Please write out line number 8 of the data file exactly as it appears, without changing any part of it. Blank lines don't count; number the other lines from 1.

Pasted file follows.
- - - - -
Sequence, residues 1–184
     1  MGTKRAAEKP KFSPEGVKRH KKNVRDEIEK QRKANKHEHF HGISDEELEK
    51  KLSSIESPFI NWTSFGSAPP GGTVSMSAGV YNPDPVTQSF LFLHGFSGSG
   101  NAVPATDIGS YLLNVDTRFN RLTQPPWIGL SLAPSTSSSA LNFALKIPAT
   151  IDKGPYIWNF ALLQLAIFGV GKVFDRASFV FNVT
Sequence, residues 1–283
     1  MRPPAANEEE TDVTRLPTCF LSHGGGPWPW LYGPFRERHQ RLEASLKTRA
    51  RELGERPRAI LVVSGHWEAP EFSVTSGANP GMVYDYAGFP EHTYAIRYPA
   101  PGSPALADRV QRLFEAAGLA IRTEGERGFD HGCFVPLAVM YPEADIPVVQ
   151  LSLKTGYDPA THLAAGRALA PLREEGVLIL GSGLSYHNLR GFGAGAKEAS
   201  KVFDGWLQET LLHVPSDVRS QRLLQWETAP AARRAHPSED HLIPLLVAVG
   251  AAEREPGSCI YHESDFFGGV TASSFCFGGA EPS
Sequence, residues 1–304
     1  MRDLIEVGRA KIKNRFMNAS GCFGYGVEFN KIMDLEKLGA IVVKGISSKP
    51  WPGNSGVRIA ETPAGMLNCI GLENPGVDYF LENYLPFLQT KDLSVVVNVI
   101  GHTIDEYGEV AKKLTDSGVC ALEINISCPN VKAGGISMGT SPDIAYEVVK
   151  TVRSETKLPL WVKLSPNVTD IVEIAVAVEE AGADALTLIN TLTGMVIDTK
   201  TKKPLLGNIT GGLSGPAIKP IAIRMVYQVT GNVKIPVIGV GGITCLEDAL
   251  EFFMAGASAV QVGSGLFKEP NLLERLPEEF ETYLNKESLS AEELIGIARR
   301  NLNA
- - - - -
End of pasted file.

    51  RELGERPRAI LVVSGHWEAP EFSVTSGANP GMVYDYAGFP EHTYAIRYPA